Robohub.org
 

Are skintight suits the future of robotic exoskeletons?

by
13 July 2016



share this:
Supersuit in the future? Source: Bigstockphoto

Supersuit in the future? Source: Bigstockphoto

Children with a rare neurological disease were recently given the chance to walk for the first time thanks to a new robotic exoskeleton. These devices – which are essentially robotic suits that give artificial movement to a user’s limbs – are set to become an increasingly common way of helping people who’ve lost the use of their legs to walk. But while today’s exoskeletons are mostly clumsy, heavy devices, new technology could make them much easier and more natural to use by creating a robotic skin.

Exoskeletons have been in development since the 1960s. The first one was a bulky set of legs and claw-like gloves reminiscent of the superhero, Iron Man, designed to use hydraulic power to help industrial workers lift hundreds of kilogrammes of weight. It didn’t work, but since then other designs for both the upper and lower body have successfully been used to increase people’s strength, help teach them to use their limbs again, or even as a way to interact with computers using touch or “haptic” feedback.

These devices usually consist of a chain of links and powered joints that align with the user’s own bones and joints. The links are strapped securely to the user’s limbs and when the powered joints are activated they cause their joints to flex. Control of the exoskeleton can be performed by a computer – for example if it is performing a physiotherapy routine – or by monitoring the electrical activity in the user’s muscles and then amplifying the force they are creating.

Heavy and painful

But despite half a century of research, exoskeletons still aren’t widely used. This is largely because they are usually very uncomfortable to wear for long periods of time, as individuals’ bodies differ from the one-size-fits-all structure of the suits. Some exoskeletons are designed to be adjusted to fit a user’s body better, but if the robotic joints and the user’s real joints don’t rotate in exactly the same position it can produce unnatural motion, causing discomfort or pain. This is made worse by the stiffness of each part of the suit.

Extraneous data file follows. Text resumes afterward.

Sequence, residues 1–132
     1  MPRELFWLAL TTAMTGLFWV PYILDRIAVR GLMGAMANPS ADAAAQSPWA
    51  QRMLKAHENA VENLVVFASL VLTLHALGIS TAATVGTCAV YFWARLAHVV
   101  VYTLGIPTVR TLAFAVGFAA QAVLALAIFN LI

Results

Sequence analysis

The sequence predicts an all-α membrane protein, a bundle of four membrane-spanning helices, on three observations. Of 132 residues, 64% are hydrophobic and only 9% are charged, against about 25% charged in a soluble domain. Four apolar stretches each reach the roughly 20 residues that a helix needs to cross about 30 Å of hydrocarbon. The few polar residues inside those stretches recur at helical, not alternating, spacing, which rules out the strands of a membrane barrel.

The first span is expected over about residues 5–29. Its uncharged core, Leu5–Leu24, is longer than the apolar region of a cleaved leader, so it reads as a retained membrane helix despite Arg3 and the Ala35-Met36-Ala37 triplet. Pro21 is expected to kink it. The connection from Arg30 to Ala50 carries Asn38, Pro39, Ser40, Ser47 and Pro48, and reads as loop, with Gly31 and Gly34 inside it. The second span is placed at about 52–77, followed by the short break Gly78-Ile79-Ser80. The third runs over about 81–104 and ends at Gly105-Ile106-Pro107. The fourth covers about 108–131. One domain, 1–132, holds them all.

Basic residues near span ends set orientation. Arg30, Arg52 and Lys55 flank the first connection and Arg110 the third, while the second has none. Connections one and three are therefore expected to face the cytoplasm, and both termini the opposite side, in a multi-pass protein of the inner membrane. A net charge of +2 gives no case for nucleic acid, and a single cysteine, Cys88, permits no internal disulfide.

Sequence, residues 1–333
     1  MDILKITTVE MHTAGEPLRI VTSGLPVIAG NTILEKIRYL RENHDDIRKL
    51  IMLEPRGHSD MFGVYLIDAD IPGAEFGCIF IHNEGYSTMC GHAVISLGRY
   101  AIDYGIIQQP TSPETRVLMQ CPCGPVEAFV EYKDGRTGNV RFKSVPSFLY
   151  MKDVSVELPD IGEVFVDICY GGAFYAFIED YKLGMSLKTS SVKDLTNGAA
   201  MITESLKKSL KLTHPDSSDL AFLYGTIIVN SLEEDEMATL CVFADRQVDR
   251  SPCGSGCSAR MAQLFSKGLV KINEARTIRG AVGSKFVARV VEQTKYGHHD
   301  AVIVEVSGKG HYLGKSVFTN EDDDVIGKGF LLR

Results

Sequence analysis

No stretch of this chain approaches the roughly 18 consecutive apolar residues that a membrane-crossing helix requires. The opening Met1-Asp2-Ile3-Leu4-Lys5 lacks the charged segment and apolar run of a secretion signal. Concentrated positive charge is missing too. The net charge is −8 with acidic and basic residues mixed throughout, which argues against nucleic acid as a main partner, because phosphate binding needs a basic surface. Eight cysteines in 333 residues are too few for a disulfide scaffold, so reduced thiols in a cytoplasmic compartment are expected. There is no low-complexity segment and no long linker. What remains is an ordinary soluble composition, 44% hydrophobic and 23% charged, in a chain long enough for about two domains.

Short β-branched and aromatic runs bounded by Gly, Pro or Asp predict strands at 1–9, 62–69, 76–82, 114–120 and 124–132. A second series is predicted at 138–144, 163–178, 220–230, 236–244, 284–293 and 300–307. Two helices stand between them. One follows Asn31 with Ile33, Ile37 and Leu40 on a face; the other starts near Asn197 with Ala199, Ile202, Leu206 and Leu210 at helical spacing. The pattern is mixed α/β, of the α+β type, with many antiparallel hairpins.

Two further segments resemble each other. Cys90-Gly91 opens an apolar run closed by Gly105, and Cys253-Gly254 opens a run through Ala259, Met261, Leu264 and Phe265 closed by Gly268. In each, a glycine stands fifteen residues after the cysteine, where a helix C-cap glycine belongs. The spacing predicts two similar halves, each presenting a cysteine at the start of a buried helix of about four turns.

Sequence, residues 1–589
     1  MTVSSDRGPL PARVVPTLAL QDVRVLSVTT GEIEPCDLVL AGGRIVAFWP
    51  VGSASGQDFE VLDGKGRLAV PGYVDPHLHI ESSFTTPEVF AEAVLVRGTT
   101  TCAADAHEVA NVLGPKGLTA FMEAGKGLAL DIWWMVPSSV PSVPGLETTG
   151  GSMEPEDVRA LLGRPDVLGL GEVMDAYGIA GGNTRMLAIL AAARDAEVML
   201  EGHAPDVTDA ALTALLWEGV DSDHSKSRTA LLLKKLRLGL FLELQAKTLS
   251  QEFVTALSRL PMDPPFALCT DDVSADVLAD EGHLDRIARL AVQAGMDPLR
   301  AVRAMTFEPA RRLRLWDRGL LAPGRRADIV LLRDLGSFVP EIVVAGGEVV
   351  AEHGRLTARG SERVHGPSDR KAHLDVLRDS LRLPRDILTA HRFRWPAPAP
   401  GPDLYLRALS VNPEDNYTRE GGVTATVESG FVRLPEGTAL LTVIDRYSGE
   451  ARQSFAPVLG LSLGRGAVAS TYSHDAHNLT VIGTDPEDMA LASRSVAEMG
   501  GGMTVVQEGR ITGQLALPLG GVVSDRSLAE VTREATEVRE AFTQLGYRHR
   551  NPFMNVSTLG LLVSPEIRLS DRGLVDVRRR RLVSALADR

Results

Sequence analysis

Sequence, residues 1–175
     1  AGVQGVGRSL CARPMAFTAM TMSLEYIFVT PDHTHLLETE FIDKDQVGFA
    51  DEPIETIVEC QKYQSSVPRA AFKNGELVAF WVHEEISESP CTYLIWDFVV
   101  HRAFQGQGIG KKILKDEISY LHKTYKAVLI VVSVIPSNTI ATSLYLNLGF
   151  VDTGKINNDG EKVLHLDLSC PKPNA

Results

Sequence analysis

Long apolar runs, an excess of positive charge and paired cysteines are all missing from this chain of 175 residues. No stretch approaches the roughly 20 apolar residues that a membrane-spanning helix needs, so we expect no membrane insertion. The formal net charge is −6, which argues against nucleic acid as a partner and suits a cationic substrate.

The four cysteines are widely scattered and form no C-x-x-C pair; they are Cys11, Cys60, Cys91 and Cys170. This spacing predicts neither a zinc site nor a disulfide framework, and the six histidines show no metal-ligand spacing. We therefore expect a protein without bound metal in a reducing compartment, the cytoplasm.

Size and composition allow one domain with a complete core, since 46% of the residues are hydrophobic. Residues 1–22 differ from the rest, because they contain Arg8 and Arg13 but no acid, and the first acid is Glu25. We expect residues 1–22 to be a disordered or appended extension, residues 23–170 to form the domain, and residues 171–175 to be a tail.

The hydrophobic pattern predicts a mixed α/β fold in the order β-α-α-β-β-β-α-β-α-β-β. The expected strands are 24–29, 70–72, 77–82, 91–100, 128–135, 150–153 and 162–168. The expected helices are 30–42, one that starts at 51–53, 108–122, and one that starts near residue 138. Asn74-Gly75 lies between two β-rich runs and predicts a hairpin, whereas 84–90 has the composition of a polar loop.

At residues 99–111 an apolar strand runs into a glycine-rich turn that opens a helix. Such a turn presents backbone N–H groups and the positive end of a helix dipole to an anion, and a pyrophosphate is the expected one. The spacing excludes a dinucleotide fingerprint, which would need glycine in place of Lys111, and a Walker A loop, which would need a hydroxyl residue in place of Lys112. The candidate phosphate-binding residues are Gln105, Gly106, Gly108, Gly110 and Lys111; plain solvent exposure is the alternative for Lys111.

Another problem, especially with upper-body exoskeletons, is how heavy they are, usually because of the strong materials needed to support the body weight and the powerful actuators that move the joints. Current suits also aren’t designed to cope with temperature changes or rain, which makes them difficult to use in the real world. And their appearance, which hasn’t been a primary concern of designers so far, can put people off.

Prototype soft exoskeleton glove. Source: Steve Davis.

Prototype soft exoskeleton glove. Source: Steve Davis.

To make exoskeletons more practical and appealing, we need innovations to make them more like a “second skin” than a giant robotic suit. Exoskeletons typically use heavy electric motors, but lightweight actuators such as pneumatic muscles are now being considered. These can produce similar forces to electric motors but at a fraction of the weight. The muscles consist of a rubber bladder surrounded by a woven sleeve. When pressurised, they increase in diameter and contract in length, pulling the joint. They are made from lightweight materials but can generate the force needed to lift many hundreds of kilogrammes.

Soft robotics

However, even these lightweight actuators still need to be attached to a rigid mechanical structure mounted to the user’s body. Myself and my colleagues at the University of Salford’s Centre for Autonomous Systems and Robotics are developing another alternative: soft robotics. This technology uses physically soft advanced materials to carry out similar tasks to traditional rigid robotic devices. They are particularly well suited to interaction with humans as they are typically lightweight which means if they collide with a person they are unlikely to cause injury.